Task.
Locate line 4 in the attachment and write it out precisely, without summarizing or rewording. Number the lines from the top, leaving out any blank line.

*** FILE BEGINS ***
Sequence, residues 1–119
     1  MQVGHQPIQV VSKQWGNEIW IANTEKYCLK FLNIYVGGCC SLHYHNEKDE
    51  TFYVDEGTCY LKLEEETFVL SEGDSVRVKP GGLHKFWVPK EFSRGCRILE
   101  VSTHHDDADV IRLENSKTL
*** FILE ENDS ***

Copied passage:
   101  VSTHHDDADV IRLENSKTL